Apple Defends Encryption in Senate Judiciary Committee Hearing

Apple representatives appeared in front of the Senate Judiciary committee on Wednesday. Lawmakers quizzed the firm on encryption, on which Apple defended its position. Ars Technica has a good rundown of what happened.

Vance, for his part, called Apple’s and Google’s introduction of device encryption “the single most important challenge to law enforcement over the last 10 years… Apple and Google upended centuries of American jurisprudence”… Apple Manager of User Privacy Erik Neuenschwander responded that Apple will continue to work with law enforcement, citing the 127,000 requests from law enforcement for assistance Apple’s team—which includes former law enforcement officials—has responded to over the past seven years, in addition to thousands of emergency requests that Apple has responded to usually within 20 minutes. “We’re going to continue to work with law enforcement as we have to find ways through this,” Neuenschwander said. “We have a team of dedicated professionals that is working on a daily basis with law enforcement.” Feinstein interrupted Neuenschwander: “My understanding is that even a court order won’t convince you to open the device.”

How Thermodynamics Help Keep the Mac Pro Cool

The new Mac Pro is a bit of a beast. Computers like that obviously generate a lot of heat. Popular Mechanics spoke to the Apple engineers tasked with keeping such a powerful device cool.

Most high-grade PCs and displays cool things off with big fans or pump-driven water systems. But if you’ve used a Mac in the past decade, near-silent operation is a non-negotiable requirement for Apple laptops. That means Apple engineers have to find creative ways to exploit the laws of thermodynamics. Among those engineers is Chris Ligtenberg, Senior Director of Product Design. His name is on dozens of the company’s patents, but he’s especially interested in how air moves. (He’s also a pilot. “I fly a Beechcraft Turbo Bonanza, B36TC,” he says. Before that, he had a Piper straight-tail Lance, PA32R-300). Ligtenberg’s group built the Pro’s fan system—three axial fans in the front, with a blower in the back. Since most off-the-shelf fans would be too loud, Apple designs them internally.

 

Twitter Will Turn Your Live Photos Into GIFs

Twitter says that the next time you upload Live Photos from iOS onto its platform, you’ll see an option to turn it into a GIF. It won’t happen automatically, but you’ll see a GIF button in the lower-left corner of the tweet compose window.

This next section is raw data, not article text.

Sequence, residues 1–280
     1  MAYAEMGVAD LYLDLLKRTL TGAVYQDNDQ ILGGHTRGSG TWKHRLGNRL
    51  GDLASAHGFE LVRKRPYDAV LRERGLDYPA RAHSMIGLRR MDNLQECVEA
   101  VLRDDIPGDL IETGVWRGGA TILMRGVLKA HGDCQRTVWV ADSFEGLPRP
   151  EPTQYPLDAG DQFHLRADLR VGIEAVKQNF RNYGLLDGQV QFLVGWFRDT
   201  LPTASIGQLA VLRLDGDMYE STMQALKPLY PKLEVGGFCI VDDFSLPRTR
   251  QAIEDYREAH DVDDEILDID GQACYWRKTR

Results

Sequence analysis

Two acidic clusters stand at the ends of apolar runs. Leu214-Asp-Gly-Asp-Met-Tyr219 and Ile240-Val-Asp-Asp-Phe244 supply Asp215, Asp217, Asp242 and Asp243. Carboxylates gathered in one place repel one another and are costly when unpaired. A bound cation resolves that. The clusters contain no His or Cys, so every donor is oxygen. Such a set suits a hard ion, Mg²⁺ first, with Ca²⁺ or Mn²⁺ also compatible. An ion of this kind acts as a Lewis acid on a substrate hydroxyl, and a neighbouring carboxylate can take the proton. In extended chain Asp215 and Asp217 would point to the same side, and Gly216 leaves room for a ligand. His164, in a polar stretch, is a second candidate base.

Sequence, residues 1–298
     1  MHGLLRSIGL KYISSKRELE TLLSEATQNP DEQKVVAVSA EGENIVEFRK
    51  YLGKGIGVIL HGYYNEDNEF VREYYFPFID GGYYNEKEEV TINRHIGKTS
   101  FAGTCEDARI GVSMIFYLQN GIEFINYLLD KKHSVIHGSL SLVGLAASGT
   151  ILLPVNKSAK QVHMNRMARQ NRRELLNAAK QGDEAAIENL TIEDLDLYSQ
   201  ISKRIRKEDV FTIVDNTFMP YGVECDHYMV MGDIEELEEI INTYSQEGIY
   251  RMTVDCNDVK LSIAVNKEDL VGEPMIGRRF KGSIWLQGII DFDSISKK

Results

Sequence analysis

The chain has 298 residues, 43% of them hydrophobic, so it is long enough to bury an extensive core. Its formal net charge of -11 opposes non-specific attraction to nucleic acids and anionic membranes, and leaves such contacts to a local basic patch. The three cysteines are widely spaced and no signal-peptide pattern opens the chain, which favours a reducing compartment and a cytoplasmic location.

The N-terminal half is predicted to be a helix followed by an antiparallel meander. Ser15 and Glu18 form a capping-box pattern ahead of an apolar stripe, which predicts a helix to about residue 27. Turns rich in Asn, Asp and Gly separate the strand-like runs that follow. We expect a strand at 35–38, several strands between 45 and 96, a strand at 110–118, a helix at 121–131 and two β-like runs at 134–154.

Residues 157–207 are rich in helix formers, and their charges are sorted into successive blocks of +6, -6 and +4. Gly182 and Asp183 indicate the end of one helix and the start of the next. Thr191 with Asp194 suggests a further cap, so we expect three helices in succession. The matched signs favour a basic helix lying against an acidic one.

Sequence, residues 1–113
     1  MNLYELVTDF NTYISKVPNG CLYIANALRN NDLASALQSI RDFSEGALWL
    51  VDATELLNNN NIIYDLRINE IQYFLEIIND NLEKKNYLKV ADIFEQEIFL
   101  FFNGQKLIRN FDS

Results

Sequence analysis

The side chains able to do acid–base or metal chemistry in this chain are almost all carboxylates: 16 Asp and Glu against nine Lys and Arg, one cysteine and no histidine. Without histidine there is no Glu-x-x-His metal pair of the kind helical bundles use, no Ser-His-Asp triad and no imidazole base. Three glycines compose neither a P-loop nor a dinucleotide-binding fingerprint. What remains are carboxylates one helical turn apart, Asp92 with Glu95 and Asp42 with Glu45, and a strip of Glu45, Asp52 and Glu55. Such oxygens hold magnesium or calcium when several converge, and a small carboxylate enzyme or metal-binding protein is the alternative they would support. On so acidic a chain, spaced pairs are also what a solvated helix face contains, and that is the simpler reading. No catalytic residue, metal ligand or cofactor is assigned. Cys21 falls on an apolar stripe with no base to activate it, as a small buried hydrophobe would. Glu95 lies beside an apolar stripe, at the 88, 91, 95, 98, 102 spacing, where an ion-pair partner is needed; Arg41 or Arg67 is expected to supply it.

Give the gift of GIFs. You can now upload your iOS Live Photos as GIFs anywhere you upload photos on Twitter.

Twitter Announces Changes to Help Combat Hate and Harrassment

Twitter is going to pay five people to work on decentralized standards for social media. They hope it will help combat hate and harassment online. CEO Jack Dorsey made the announcement in a thread on Wednesday. Wired explained what it all means for the future of social networking.

That could mean that, instead of Twitter the company having sole control over Twitter the social network, many other people could run their own versions of Twitter, in the same way that many different companies, nonprofits, and individuals run email services. You can send an email from Gmail to Yahoo, or to a server run by a mom-and-pop email provider. You can even set up your own email server at home. That’s because email is based on open standards that anyone can use. But don’t expect to set up your own Twitter tomorrow. The project is in its earliest stages. Twitter CTO Parag Agrawal is hiring the team, which will be known as “@bluesky.”

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Google’s Project Understood Aims to Help People With Down Syndrome Use Voice Technology

Google started an initiative called Project Understood. It’s partnering with the Canadian Down Syndrome Society to ask people with Down syndrome help train its voice recognition algorithms to understand them better.

“Out of the box, Google’s speech recognizer would not recognize every third word for a person with Down syndrome, and that makes the technology not very usable,” Google engineer Jimmy Tobin said in a video introducing the project. Google is aiming to collect 500 “donations” of voice recordings from people with Down syndrome, and is already more than halfway toward its goal.

A worthy project.